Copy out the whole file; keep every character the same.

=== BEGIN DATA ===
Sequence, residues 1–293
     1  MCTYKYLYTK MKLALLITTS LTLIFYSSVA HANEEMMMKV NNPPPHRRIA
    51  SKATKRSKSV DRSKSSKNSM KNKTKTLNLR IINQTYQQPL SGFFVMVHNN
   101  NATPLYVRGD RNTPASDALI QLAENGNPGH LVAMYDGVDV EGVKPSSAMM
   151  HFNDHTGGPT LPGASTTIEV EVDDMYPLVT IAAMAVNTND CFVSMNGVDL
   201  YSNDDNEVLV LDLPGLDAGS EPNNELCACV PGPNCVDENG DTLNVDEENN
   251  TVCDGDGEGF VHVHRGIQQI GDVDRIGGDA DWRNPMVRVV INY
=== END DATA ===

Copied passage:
Sequence, residues 1–293
     1  MCTYKYLYTK MKLALLITTS LTLIFYSSVA HANEEMMMKV NNPPPHRRIA
    51  SKATKRSKSV DRSKSSKNSM KNKTKTLNLR IINQTYQQPL SGFFVMVHNN
   101  NATPLYVRGD RNTPASDALI QLAENGNPGH LVAMYDGVDV EGVKPSSAMM
   151  HFNDHTGGPT LPGASTTIEV EVDDMYPLVT IAAMAVNTND CFVSMNGVDL
   201  YSNDDNEVLV LDLPGLDAGS EPNNELCACV PGPNCVDENG DTLNVDEENN
   251  TVCDGDGEGF VHVHRGIQQI GDVDRIGGDA DWRNPMVRVV INY